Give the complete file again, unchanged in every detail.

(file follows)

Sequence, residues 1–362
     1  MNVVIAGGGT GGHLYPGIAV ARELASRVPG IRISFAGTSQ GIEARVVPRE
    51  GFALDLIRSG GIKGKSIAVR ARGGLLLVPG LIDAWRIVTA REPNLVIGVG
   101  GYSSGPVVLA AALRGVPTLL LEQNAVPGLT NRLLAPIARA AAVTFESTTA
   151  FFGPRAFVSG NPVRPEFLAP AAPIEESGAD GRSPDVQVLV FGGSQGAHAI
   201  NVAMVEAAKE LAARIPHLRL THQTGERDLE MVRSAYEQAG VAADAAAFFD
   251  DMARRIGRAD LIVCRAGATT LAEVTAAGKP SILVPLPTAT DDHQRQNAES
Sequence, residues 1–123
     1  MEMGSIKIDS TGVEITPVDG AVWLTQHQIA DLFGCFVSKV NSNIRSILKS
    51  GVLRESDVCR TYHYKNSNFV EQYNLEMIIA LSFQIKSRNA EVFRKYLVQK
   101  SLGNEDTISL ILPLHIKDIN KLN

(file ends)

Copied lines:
Sequence, residues 1–362
     1  MNVVIAGGGT GGHLYPGIAV ARELASRVPG IRISFAGTSQ GIEARVVPRE
    51  GFALDLIRSG GIKGKSIAVR ARGGLLLVPG LIDAWRIVTA REPNLVIGVG
   101  GYSSGPVVLA AALRGVPTLL LEQNAVPGLT NRLLAPIARA AAVTFESTTA
   151  FFGPRAFVSG NPVRPEFLAP AAPIEESGAD GRSPDVQVLV FGGSQGAHAI
   201  NVAMVEAAKE LAARIPHLRL THQTGERDLE MVRSAYEQAG VAADAAAFFD
   251  DMARRIGRAD LIVCRAGATT LAEVTAAGKP SILVPLPTAT DDHQRQNAES
Sequence, residues 1–123
     1  MEMGSIKIDS TGVEITPVDG AVWLTQHQIA DLFGCFVSKV NSNIRSILKS
    51  GVLRESDVCR TYHYKNSNFV EQYNLEMIIA LSFQIKSRNA EVFRKYLVQK
   101  SLGNEDTISL ILPLHIKDIN KLN